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Astronomers Observe Destructive Winds Regulating Black Hole Growth

A NASA-ESA joint discovery confirms held beliefs about the nature of X-ray-emitting winds that emanate from supermassive black holes.

If you think the wind where you live is blustery, just imagine if it moved at one-third the speed of light. That’s what life would be like if you lived adjacent to a supermassive black hole. Well, actually if you lived adjacent to a supermassive black hole you’d likely have a whole host of other things to worry about. But for now let’s just focus on these “winds of destruction,” the subject of a recent discovery that sheds light on how black holes grow:

“NASA’s Nuclear Spectroscopic Telescope Array (NuSTAR) and ESA’s (European Space Agency) XMM-Newton telescope are showing that fierce winds from a supermassive black hole blow outward in all directions — a phenomenon that had been suspected, but difficult to prove until now. This discovery has given astronomers their first opportunity to measure the strength of these ultra-fast winds and prove they are powerful enough to inhibit the host galaxy’s ability to make new stars.”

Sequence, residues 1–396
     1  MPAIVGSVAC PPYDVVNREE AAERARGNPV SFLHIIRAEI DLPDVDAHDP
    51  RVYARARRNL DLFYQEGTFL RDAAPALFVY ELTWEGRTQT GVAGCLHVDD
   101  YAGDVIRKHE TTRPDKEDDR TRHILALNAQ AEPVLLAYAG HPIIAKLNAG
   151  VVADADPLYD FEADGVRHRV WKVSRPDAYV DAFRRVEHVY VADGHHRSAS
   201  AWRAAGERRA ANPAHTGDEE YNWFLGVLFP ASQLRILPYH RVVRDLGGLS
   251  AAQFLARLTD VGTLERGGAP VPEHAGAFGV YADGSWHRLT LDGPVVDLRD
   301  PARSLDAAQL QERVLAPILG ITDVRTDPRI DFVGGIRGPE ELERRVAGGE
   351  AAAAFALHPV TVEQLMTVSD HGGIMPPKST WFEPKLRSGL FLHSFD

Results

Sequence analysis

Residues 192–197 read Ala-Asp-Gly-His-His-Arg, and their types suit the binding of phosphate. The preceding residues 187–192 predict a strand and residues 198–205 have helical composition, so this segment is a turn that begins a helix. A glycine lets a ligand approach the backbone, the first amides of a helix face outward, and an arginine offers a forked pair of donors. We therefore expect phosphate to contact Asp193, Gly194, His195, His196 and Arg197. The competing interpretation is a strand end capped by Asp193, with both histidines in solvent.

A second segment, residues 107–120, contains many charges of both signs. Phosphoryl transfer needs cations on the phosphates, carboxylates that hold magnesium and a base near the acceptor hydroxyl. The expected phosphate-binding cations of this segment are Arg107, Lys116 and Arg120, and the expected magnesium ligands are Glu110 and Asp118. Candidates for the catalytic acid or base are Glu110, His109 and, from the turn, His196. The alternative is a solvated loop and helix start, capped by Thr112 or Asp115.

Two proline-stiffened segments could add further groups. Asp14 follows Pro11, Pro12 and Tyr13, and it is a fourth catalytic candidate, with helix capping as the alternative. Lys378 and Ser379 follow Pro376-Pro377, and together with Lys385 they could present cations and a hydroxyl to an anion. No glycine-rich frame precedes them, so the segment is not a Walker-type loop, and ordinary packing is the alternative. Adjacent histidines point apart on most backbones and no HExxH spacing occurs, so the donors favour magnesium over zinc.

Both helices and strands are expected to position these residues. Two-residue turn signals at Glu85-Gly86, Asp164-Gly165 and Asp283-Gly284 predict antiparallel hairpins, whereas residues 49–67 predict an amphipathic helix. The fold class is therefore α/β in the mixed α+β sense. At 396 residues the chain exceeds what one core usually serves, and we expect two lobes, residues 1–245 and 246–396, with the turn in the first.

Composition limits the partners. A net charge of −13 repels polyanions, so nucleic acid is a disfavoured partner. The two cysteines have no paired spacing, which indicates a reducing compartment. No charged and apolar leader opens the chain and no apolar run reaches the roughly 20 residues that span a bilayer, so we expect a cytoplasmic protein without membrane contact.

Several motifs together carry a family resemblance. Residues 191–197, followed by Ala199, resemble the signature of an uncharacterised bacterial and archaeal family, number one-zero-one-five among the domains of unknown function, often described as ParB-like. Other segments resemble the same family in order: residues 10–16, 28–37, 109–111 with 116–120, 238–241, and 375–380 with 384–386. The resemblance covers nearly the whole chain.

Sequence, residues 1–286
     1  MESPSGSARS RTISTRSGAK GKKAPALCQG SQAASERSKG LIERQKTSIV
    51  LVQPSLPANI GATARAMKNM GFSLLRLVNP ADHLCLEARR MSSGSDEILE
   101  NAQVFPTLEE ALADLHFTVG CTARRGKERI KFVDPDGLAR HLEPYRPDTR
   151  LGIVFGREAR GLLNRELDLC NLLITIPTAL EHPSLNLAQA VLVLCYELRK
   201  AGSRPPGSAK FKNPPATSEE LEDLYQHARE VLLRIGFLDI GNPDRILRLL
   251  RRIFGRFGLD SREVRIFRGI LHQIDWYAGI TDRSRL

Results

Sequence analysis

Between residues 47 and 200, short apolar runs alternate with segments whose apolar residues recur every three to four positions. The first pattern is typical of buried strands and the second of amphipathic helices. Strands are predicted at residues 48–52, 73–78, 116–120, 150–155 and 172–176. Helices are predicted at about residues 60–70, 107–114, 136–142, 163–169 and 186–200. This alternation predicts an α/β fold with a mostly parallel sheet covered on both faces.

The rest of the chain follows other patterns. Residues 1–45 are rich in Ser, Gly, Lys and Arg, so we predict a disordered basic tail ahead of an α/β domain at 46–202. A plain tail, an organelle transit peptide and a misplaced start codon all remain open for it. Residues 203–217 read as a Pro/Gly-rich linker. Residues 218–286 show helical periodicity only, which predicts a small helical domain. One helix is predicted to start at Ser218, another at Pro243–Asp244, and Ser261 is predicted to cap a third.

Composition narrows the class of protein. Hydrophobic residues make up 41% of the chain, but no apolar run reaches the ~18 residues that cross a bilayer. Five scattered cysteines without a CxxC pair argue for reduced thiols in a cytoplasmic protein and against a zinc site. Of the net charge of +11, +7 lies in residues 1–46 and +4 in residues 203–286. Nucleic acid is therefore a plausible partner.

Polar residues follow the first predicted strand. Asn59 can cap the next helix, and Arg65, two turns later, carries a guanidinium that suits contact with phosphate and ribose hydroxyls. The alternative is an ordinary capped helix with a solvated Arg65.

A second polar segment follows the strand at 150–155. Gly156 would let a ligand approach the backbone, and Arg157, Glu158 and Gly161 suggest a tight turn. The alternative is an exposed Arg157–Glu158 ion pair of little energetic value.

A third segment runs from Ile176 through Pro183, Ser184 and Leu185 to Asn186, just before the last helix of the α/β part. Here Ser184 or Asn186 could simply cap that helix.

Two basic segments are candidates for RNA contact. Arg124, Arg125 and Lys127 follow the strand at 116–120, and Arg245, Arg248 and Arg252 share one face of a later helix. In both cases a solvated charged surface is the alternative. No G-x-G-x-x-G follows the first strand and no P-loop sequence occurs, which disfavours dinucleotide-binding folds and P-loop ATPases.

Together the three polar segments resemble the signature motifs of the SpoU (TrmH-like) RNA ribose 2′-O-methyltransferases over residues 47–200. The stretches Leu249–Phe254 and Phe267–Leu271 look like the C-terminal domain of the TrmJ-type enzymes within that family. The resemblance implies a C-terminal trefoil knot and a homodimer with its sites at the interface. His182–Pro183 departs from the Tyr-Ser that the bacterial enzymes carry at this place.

As Michael D. Lemonick writes over at NatGeo, astronomers now have “the best evidence yet that black holes can both limit their own growth and shut down star formation in their neighborhoods.”

“The evidence, reported Thursday in Science, comes in the form of X-rays streaming from a quasar— a spot of light so bright that it outshines an entire galaxy — located just over 2 billion light-years from Earth. ‘It’s a very nice observation,’ says Princeton astrophysicist Jenny Greene, who was not involved with the research.”

As with any discovery of this nature, it’s important to note that what scientists have observed has already happened — two billion years ago, in fact. And that despite fun sci-fi portrayals, humanity will likely never come within a million lifetimes’ worth of distance of encountering one. Still, observations of this kind help to illuminate our ever-growing understanding of the works of the universe and, eventually, should supply the final puzzle pieces for how it all came to be.

Read more at ScienceNASA and NatGeo.

Image Credit: NASA/JPL-Caltech


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